Duncan does not have any teaching qualifications but she said she had “a lot of experience”.

Home schooling is most popular on the West Coast, where 1.9 per cent of children are in home schooling.

The Canterbury Home Educators group has 230 members, representing less than 1% of students in the region.

Smith said aspects of the national assessment programme (NCEA) were “anti-intellectual” and the school curriculum needed to get back to basics and cut out political correctness.

Smith did not want any more Government funding because he feared it would take control of home schoolers.

“The ERO (Education Review Office) is sitting in judgment on the way you as a parent relate to your own child,” he said.

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Government chases homeschool family

Mom, dad now seek help from human rights tribunal

http://worldnetdaily.com/index.php?fa=PAGE.view&pageId=68432
© 2008 WorldNetDaily

Members of a homeschooling German family who made a forced move to Austria where the activity remains legal now have fled again – this time to Canada – to escape continuing government actions that now also are the subject of a protest lodged at the European Court of Human Rights.

The case involving Andreas and Katharina Plett is being addressed by Joel Thornton, chief of the International Human Rights Group, who alleges Germany is violating articles 8, 9, 10, 14, and 2 of the European Convention on Human Rights with its persecution of homeschooling families.

The Paderborn family is among several in Germany who have challenged that nation’s Nazi-era ban on parents teaching their children at home. Thornton told WND in the Pletts’ case, one of the government maneuvers gave the authority to determine where the Pletts’ two youngest children live to the Youth Welfare Office.

It happened because of their homeschooling. According to a Brussels Journal report at the time, a plain-clothes policewoman rang the Pletts’ doorbell early one day, and when Katharina Plett opened the door, a team of officers who had concealed themselves forced their way in.

Katharina was able to notify her husband by telephone since he and the children were not at home, and instead of returning they traveled directly to Austria and set up a residence.

However, German authorities continue to try to impose their requirements on the family, since they still own property in Germany, and the Pletts now are challenging not only the authority to decide where the children will live but the other decisions in their case as well.

“About a month ago the family fled to Canada to be together without fear of government officials taking their children,” Thornton told WND about the family.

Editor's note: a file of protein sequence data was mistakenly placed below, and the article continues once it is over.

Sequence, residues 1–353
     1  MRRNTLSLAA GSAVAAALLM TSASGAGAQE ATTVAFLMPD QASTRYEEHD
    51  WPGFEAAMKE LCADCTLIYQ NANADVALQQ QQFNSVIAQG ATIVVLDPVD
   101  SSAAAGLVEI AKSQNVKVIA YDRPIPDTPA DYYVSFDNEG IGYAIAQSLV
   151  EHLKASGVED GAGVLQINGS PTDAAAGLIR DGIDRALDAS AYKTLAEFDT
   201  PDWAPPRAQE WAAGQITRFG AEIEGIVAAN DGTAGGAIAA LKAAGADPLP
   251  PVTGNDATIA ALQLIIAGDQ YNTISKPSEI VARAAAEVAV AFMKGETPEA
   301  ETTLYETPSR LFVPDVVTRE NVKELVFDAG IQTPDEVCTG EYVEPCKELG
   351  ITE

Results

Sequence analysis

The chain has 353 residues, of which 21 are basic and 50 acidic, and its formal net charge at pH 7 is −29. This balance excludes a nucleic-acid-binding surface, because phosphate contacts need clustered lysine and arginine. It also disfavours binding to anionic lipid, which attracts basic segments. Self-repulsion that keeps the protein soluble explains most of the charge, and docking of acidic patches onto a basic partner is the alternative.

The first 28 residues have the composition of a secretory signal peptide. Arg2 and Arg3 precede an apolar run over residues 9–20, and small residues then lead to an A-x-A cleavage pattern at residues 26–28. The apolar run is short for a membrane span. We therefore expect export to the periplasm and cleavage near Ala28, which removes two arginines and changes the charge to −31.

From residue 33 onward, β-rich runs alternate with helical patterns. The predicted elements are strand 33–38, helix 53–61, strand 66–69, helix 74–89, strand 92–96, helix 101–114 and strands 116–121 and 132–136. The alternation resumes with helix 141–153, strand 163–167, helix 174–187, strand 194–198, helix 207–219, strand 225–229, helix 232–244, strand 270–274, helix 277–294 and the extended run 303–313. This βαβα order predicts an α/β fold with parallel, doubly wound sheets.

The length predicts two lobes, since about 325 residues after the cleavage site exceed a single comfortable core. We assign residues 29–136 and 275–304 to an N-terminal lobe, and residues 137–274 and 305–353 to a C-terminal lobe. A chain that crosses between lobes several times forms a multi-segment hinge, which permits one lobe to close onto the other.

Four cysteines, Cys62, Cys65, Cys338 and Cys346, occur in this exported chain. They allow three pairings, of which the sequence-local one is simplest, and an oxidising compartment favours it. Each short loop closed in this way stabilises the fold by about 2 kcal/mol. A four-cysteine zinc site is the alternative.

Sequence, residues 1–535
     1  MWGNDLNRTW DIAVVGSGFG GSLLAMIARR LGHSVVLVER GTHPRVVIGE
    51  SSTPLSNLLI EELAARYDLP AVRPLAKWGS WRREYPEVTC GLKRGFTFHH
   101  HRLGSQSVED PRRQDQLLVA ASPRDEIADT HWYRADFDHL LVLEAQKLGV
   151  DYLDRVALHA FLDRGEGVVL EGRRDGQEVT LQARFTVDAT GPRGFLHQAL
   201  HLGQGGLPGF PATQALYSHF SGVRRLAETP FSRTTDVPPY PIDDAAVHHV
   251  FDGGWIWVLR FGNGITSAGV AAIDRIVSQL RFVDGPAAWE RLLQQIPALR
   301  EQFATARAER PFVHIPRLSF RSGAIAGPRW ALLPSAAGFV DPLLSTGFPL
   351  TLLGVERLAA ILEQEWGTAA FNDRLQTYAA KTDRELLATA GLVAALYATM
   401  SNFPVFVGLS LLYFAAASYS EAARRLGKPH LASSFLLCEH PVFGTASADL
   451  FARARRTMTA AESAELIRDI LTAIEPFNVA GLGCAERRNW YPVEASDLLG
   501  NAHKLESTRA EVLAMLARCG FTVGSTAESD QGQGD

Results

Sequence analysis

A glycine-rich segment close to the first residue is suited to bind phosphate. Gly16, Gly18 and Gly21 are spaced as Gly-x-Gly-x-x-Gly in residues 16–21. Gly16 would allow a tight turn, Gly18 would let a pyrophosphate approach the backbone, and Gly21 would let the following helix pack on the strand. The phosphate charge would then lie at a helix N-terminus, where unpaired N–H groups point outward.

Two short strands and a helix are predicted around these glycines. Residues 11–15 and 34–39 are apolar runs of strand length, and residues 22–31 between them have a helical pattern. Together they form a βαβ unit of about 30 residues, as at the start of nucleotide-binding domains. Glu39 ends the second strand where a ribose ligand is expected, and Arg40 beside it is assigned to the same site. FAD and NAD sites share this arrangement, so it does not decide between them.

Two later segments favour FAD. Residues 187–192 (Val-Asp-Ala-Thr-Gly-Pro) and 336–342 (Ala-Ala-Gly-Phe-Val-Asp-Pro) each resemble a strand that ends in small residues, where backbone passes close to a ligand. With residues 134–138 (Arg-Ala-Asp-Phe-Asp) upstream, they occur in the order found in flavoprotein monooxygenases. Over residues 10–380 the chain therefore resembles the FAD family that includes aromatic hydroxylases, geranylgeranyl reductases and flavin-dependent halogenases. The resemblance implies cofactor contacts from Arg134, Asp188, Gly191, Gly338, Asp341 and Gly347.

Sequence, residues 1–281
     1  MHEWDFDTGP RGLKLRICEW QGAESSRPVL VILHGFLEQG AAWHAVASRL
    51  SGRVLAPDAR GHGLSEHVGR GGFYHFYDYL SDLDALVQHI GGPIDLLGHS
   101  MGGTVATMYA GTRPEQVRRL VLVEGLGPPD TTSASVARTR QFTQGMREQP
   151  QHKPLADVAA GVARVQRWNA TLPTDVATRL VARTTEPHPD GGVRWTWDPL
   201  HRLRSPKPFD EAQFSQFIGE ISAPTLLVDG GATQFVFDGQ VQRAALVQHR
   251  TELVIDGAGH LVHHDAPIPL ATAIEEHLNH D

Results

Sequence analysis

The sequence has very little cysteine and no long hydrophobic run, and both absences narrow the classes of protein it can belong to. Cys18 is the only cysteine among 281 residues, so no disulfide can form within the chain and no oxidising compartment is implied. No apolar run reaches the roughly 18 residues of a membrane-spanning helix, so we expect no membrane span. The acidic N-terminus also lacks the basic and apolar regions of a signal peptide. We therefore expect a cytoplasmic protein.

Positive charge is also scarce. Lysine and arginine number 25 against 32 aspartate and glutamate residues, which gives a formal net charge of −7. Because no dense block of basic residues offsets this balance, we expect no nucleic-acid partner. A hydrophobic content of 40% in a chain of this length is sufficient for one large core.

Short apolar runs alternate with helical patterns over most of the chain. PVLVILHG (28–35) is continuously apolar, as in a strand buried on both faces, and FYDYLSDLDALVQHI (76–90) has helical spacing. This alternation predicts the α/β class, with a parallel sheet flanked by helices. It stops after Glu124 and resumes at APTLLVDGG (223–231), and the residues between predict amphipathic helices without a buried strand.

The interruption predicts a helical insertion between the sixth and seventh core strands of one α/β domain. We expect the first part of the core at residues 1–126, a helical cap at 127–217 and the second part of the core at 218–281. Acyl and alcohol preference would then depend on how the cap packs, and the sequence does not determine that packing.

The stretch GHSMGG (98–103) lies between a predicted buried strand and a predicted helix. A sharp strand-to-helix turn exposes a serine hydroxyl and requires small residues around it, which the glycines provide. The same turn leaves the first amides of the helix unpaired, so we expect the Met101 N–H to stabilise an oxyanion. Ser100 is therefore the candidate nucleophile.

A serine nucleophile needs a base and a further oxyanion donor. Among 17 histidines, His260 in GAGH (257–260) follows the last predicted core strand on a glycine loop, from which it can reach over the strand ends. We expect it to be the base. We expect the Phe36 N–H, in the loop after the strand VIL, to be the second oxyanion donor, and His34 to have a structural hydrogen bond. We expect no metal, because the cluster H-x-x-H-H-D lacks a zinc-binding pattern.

“Though the court has been unwilling to uphold international law in regards to parents’ rights in educational matters it is our hope that the court will look at the number of families continuing to have problems and decide to take the initiative to enforce the provisions of the European Convention on Human Rights that are currently being violated by the German courts,” Thornton said.

The earlier decision came in the now-infamous Konrad case. There, the same court concluded that Germany’s ban on homeschooling – in place since the Nazis reigned – does not violate the convention’s religious rights provision, finding that it was important for the nation to avoid parallel societies created by religious groups.

The new case raises that issue, but several others as well.

“The Plett family has suffered the deprivation of their rights guaranteed under Article 8 of the Convention in that respect for their private and family life has been violated without demonstrated necessity for national security, public safety or the economic well-being of the country, the prevention of disorder or crime, the protection of health or morals, or for the protection of the rights and freedoms of others,” the complaint, filed on Friday, says.

It also alleges violations of Article 9 in that their “religious convictions” have been violated and Article 10 violations involving “freedom of expression, particularly the freedom to impart information and ideas without interference by public authorities.”

Further, the court action alleges Germany is discriminating against them based on their religious convictions and under Protocol 1, Article 2 in that “in the exercise of any functions which it assumes in relation to education and to teaching, the state shall respect the right of parents to ensure such education and teaching in conformity with their own religions and philosophical convictions.”

“The Plett family is asking this court to overturn the decision of all the German courts and declare that the state took improper custody of their children while exercising their rights. … The Plett family asks this court to clarify that the rights guaranteed under Articles 8, 9, 10 and 14 are not subject to governmental intervention without clear and convincing evidence that homeschooling their children would rise to the level of violating the interferences regulated by the Convention. That is not the case here,” the appeal said.